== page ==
Sidney Poitier, who had been married to Joanna Shimkus for 45 years, died on Thursday at the age of 94.
But, before finding true love, the first black man to win an Academy Award for Best Actor was involved in a stormy romance with actress Diahann Carroll that spanned much of the 1960s.
When they were both casts in the movie musical “Porgy & Bess,” they first saw each other in 1959.
Poitier was married to Juanita Hardy at the time, and they had four kids together. Carroll, who was 24 at the time, was married to music promoter Monte Kay.
Regardless of their married situations, the stars were soon smitten by one another and began a passionate romance.
Even when Carroll gave birth to her sole child, Suzanne, in 1960, the intense relationship persisted.
In 1961, the daring pair starred in a second film, “Paris Blues,” which was released.
They were also photographed together at the 1964 Academy Awards, where Poitier, who was still married at the time, won Best Actor for his portrayal in “Lilies of the Field.”
Carroll said in her explosive 2008 memoir, “The Legs Are the Last To Go,” that Poitier promised her in 1963 that he would leave his wife for her. He allegedly persuaded her to obtain a divorce as well so that they could be publicly together.
Carroll followed her word and divorced her husband, preparing to move into a ten-room apartment on ritzy Riverside Drive that Poitier had bought for.
Poitier gave her a flashy ring, but she did not indicate it was a proposal, according to the actress, who went on to feature in the trailblazing sitcom “Julia” and was the first black woman to win a Tony Award for Best Actress in a Musical for “No Strings.”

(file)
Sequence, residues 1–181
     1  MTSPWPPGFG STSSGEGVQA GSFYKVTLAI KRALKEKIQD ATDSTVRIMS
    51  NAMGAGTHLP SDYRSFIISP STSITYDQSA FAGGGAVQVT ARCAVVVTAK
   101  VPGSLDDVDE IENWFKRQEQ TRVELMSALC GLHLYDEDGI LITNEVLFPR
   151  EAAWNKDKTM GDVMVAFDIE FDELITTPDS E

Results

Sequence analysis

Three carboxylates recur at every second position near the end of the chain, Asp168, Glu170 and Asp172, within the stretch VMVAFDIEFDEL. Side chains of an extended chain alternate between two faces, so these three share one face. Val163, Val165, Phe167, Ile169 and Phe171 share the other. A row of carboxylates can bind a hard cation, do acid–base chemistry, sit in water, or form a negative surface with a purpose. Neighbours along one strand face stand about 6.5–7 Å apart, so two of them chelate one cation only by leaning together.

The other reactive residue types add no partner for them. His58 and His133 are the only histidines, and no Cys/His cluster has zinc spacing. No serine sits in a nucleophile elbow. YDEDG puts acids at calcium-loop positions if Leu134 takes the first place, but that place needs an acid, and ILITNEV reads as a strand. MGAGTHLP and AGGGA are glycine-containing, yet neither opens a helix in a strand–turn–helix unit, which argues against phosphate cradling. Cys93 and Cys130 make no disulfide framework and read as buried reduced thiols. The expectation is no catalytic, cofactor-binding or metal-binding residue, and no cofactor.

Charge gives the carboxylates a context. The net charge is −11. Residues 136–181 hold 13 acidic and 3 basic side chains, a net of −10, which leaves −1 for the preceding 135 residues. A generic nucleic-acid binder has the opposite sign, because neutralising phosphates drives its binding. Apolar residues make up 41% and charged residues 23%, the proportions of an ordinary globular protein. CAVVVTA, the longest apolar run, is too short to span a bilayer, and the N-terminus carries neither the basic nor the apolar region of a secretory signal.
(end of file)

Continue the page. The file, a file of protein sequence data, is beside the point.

However, he immediately called her to tell her that he was having second thoughts about their relationship and that he would not abandon his wife.
In 1961’s “Paris Blues,” the two are seen alongside Paul Newman.
“He changed the locks on the Riverside Drive apartment, so I couldn’t go in.” “Then he made me write him a check to cover the cost of his purchase and decoration,” Carroll said in her memoir. “I was obedient and needy, so I did what I was told.”
In 1965, Poitier and his wife Juanita Hardy divorced, but the Hollywood heartthrob allegedly told Carroll that he did not want to plunge into another marriage right afterward.
The news drove the beauty to start dating other men, which irritated Poitier.
“Sidney called me at my hotel,” she writes in her memoir. He cried, ‘You bitch, whore, tramp!’ ‘I know he just got out of your bed,’ I say. I’m not going to let you hang out with other guys. ‘You are my property!’
Despite their turbulent relationship ending, the two became firm friends decades later.
“Sidney and I are now buddies,” Carroll said in her memoir, referring to their appearances together at different public occasions. As you get older, forgiveness and possibly a lowering of standards come naturally.”
“I’m a terrible romantic, really terribly so,” she told NPR in 2008. My romanticism is immature. It will not be able to keep a relationship going. “I’m aware of that now.”
Carroll died at the age of 84 in 2019.